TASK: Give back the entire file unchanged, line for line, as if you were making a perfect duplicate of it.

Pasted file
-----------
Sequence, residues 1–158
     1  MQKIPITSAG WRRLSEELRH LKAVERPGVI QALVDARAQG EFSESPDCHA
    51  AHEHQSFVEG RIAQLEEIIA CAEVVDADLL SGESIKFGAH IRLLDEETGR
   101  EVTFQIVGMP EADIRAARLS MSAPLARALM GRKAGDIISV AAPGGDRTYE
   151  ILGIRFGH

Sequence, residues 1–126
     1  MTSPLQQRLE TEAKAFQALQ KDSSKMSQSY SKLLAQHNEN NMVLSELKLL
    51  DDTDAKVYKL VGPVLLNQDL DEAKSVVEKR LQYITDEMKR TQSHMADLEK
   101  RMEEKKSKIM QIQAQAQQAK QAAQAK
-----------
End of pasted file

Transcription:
Sequence, residues 1–158
     1  MQKIPITSAG WRRLSEELRH LKAVERPGVI QALVDARAQG EFSESPDCHA
    51  AHEHQSFVEG RIAQLEEIIA CAEVVDADLL SGESIKFGAH IRLLDEETGR
   101  EVTFQIVGMP EADIRAARLS MSAPLARALM GRKAGDIISV AAPGGDRTYE
   151  ILGIRFGH

Sequence, residues 1–126
     1  MTSPLQQRLE TEAKAFQALQ KDSSKMSQSY SKLLAQHNEN NMVLSELKLL
    51  DDTDAKVYKL VGPVLLNQDL DEAKSVVEKR LQYITDEMKR TQSHMADLEK
   101  RMEEKKSKIM QIQAQAQQAK QAAQAK